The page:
Meeting for Worship for Learning is a very powerful tool. As Quakers – in fact, I suspect, as liberal inhabitants of the modern West – we value our freedom of thought; and as a community, so many of us have been damaged one way or another by the teachings of other denominations or religions that we can be quite suspicious of Teaching. We like our questions and don’t want to be told what answers we should accept.
That’s all fair enough, but it would be a shame if our sometimes justified suspicion of Teachers led us to ignore what answers we have – both from those other members of our community who have something worth hearing and what we ourselves might have to share.
One way to facilitate this kind of sharing is Meeting for Worship for Learning, which can take many forms. Recently, I completed a cycle of a programme called Hearts and Minds Prepared – a group of about eight from my local meet met for twelve sessions, to consider a whole range of Quaker topics, including our history, our testimonies, our methods, and our spiritual journeys. I’d been wanting to do Hearts and Minds Prepared since it came out, and kept missing opportunities, so this was a long-awaited treat; and although sometimes difficult and sometimes moving, it was just as good as I’d hoped.
To me, the key aspects of this kind of work are listening to one another, facilitation rather than lecturing (that is to say, one might as the organiser of the session have certain material to put in or specific activities to suggest, but you are flexible, listening to the group as you ask the group to listen to one another), and not too much structure. Like a semi-programmed Meeting for Worship, it needs to have enough space and silence to develop along whatever path opens up. Sometimes I try and put these principles into practice with non-Quaker groups; the Brownies take to it relatively well, but undergraduates are sometimes nonplussed!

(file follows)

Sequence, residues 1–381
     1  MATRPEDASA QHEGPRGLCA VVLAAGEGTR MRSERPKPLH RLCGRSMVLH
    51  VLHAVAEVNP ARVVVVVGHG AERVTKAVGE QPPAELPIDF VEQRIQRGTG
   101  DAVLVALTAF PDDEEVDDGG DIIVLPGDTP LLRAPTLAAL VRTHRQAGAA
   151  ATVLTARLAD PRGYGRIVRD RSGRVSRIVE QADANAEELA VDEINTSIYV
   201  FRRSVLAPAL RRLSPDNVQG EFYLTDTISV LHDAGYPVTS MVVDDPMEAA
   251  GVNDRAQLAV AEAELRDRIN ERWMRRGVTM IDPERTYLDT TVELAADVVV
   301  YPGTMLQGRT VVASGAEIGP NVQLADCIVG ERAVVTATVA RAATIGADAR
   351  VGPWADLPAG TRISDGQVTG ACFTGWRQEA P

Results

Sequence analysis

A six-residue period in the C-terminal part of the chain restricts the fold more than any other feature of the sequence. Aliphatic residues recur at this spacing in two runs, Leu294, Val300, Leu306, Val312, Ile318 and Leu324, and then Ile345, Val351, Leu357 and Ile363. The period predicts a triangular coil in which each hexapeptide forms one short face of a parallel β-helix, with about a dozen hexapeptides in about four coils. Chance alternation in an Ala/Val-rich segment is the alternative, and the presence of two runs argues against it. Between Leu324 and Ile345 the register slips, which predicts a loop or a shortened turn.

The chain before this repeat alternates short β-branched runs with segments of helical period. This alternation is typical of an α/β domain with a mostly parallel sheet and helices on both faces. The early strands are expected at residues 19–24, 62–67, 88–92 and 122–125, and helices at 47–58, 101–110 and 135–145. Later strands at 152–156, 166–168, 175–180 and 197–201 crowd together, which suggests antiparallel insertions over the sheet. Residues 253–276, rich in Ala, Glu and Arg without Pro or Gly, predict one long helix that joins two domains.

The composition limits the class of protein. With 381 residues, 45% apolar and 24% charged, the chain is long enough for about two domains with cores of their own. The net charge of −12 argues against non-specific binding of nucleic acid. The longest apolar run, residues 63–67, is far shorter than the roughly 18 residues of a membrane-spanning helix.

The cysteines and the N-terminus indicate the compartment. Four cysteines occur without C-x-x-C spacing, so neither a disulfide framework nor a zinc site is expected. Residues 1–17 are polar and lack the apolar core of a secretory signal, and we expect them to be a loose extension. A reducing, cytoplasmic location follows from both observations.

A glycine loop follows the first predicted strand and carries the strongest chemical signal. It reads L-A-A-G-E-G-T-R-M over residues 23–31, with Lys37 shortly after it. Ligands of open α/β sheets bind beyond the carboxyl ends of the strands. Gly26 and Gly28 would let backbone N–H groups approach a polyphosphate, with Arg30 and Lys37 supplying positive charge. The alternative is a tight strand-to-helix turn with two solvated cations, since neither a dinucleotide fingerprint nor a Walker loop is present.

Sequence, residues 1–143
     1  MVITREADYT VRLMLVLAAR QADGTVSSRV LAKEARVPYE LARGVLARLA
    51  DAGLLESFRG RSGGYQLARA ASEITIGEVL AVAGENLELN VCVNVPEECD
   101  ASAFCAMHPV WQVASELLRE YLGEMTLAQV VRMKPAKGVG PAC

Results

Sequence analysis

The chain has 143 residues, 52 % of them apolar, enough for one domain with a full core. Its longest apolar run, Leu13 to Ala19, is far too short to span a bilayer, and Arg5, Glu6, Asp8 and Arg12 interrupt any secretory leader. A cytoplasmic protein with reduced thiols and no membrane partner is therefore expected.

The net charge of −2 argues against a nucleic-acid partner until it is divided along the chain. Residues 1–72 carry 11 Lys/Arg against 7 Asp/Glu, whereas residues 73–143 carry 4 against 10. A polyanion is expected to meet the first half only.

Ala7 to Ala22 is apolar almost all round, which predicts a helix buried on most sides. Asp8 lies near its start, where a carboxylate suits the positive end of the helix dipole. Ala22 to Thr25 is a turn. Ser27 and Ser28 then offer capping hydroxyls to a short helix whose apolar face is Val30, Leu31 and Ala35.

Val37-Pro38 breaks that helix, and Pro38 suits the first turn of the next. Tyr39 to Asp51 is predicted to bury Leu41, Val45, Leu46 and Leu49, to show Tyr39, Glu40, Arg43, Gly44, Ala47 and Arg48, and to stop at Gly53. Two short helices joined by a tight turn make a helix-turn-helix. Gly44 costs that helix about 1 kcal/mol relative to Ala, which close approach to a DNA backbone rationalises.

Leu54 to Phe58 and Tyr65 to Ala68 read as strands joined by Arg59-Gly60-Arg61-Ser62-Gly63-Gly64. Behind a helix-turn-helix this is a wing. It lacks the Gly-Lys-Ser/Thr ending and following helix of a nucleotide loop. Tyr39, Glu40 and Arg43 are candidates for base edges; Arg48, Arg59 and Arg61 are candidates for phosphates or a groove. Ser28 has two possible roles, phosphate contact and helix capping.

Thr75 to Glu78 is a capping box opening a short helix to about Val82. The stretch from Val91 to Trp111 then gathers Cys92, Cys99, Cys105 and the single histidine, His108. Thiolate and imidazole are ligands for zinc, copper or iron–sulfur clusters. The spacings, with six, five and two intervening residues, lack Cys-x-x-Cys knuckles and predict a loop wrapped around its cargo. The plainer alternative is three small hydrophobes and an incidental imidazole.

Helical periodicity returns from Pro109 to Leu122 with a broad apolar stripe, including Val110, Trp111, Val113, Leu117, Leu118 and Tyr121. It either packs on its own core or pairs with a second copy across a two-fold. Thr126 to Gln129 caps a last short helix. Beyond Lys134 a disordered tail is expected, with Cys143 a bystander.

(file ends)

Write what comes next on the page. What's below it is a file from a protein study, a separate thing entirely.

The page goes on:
I was considering writing about Woodbrooke here, but I see that Stephanie got there first!
You may have picked up by now that I’m a pretty studious person, someone who enjoys learning, and so it’s no surprise that many of my outstanding Quaker moments involve Meetings for Worship for Learning of one kind or another: Quaker Quest, private study and discussion groups, Hearts and Minds Prepared, all sorts of things at Woodbrooke, weekends away with the Monthly/Area Meeting or my local meeting, Bible Study… the list goes on, and I plan to keep it growing.